There is a new type of food allergy that people who have asthma and nasal allergies need to be aware of. It’s called eosinophilic esophagitis, or EoE for short. Experts first identified it 15 or 20 years ago, but the number of people who have it has been steadily increasing with each year.
What is eosinophilic esophagitis?
Eosinophilic esophagitis is an inflammatory condition in the esophagus, which is the tube in your throat that leads from the mouth to the stomach (as opposed to your airways that lead to your lungs).
Eosinophils are a type of white blood cell that help to fight infection. However, they are not normally found in the esophagus, except in those who have this condition. When eosinophil numbers are too high, they can actually cause damage to the body, rather than protect it.
Esophagitis is a medical term that means an inflammation of the esophagus.
What happens when you have this condition?
People who have EoE collect excess amounts of these white blood cells, causing inflammation, scarring, and narrowing of the walls of the esophagus. When that happens, it makes it hard to swallow food. Babies and young children who have this condition may also complain of stomach pain, vomit frequently and stop eating. They may also fail to grow and develop.
Older kids and adults who have EoE also have trouble swallowing. In addition, food may get stuck in the esophagus and back up. In fact, this back up may be so severe that the person needs emergency care to remove the impacted food. They may also complain of heartburn or chest pain that is not relieved by the usual medication.
What causes EoE?
Experts aren’t really sure what causes this condition. But they do believe that it is more common in people who have asthma and both food and pollen allergies.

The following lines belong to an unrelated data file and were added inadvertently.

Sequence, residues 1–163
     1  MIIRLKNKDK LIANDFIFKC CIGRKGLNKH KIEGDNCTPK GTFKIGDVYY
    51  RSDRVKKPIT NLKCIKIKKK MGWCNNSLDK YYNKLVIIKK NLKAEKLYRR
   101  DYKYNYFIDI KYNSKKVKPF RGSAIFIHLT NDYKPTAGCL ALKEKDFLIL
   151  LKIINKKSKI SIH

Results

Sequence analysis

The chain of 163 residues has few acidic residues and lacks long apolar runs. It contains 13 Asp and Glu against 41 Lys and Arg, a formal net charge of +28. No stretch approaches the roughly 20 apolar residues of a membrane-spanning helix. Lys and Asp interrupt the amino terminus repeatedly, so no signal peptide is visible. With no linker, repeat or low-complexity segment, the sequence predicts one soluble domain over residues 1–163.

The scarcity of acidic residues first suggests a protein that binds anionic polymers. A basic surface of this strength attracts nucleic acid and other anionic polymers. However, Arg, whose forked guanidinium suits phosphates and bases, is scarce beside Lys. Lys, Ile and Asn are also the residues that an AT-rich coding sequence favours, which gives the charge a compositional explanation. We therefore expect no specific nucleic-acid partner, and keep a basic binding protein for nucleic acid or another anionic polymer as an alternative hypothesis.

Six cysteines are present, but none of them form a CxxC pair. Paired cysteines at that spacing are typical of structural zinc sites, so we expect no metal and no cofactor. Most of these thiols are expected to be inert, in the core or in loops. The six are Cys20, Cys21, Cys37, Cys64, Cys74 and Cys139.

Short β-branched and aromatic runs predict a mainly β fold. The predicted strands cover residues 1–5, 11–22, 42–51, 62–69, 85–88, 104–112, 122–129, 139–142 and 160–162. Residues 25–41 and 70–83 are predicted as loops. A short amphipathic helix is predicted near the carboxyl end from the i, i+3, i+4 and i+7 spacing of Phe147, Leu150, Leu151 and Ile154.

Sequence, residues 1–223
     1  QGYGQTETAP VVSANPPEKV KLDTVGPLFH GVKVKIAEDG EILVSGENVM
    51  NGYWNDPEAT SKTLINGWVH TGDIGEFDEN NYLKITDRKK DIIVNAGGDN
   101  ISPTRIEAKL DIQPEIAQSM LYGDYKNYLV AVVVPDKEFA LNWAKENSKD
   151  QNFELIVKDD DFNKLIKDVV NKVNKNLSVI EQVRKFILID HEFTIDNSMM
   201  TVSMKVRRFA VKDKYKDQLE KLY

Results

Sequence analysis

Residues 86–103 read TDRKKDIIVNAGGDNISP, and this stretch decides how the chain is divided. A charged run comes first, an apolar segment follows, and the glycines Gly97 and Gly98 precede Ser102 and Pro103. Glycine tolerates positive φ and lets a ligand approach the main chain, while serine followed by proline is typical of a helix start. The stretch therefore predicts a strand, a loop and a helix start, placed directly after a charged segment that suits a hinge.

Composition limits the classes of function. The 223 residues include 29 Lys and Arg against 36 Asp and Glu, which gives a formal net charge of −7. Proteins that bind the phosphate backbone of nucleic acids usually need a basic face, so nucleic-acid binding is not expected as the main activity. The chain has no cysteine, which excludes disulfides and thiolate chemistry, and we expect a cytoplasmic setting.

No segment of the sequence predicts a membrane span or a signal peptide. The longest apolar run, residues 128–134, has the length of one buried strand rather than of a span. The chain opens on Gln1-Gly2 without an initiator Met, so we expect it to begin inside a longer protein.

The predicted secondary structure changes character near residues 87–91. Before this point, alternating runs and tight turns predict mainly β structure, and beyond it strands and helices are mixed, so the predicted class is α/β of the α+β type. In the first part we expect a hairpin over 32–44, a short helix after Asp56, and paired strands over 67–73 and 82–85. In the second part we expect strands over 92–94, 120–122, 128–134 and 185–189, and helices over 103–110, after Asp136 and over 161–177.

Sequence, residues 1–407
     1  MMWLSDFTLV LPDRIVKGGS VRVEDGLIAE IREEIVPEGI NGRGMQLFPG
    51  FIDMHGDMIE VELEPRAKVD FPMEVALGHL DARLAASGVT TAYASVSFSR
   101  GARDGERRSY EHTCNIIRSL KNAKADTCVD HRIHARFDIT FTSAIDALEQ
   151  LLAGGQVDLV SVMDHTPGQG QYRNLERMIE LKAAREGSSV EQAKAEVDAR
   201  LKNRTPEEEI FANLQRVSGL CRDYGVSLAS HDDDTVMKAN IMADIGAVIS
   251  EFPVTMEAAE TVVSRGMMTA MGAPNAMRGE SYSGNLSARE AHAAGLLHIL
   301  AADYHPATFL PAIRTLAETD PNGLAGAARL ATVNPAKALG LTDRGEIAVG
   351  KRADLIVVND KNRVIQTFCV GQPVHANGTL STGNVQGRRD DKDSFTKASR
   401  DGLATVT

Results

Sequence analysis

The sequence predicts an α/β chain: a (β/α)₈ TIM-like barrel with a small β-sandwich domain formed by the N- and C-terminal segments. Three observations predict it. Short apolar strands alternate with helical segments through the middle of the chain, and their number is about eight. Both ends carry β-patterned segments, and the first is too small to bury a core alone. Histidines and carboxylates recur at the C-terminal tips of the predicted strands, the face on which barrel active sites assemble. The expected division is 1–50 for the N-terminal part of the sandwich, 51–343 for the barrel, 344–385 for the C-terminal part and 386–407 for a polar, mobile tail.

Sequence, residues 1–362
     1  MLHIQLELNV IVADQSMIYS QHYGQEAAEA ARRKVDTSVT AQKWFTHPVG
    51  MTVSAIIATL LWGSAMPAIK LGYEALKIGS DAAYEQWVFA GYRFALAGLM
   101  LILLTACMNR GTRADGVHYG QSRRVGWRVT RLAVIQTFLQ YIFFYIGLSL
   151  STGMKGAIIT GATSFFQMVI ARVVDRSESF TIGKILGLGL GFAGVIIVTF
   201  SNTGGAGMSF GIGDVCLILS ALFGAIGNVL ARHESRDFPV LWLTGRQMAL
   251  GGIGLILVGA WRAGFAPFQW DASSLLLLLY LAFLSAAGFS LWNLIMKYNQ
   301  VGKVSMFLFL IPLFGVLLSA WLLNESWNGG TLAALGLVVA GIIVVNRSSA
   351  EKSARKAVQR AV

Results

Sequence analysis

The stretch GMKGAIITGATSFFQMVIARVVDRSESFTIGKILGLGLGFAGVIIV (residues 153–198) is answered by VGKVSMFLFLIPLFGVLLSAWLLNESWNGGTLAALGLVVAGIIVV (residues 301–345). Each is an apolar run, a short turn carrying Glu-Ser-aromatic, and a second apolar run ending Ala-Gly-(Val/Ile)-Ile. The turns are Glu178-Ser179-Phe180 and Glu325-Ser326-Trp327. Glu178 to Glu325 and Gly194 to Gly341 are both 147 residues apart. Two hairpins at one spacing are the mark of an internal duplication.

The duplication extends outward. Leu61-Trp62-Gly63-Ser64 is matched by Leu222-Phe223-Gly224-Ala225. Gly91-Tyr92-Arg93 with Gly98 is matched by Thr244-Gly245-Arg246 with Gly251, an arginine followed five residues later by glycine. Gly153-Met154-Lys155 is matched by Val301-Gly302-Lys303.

Elevated levels of eosinophils are common in people who have the following conditions:
- Crohn’s disease
- Ulcerative cholitis
- Some forms of cancer
How Is EoE Treated?
EoE is treated similarly to food allergies, since the greatest majority of cases are in people who have food allergies. So, this involves:
- Identifying the allergen using standard allergy testing
- Elimination diets, where common or suspected food allergens* are eliminated one-by-one from the diet
- Allergy medications, including inhaled steroids
- Pollen avoidance techniques
In severe cases, doctors may even recommend dilation of the esophagus.
*It is common for the food allergen to come from the same eight foods that cause 90 percent of food allergies: tree nuts, peanuts, cow’s milk, wheat, soy, eggs, fish and shellfish.
Even though this condition was discovered more than a decade ago, there is still much research and study to be done to understand it better. Better testing and monitoring techniques need to be developed. One place research is being done is at Ohio State’s Wexner Medical Center and the Nationwide Children’s Hospital in Columbus, Ohio. Researchers in those facilities are working together to study how to test for EoE and the best ways to treat it, as well as learning more about triggers for EoE.
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Kathi is an experienced consumer health education writer, with a prior career in nursing that spanned more than 30 years — much of it in the field of home health care. Over the past 15 years, she’s been an avid contributor for a number of consumer health websites, specializing in asthma, allergy, and COPD. She writes not only as a healthcare professional, but also as a lifelong sufferer of severe allergies and mild asthma, and as a caregiver for her mother with COPD.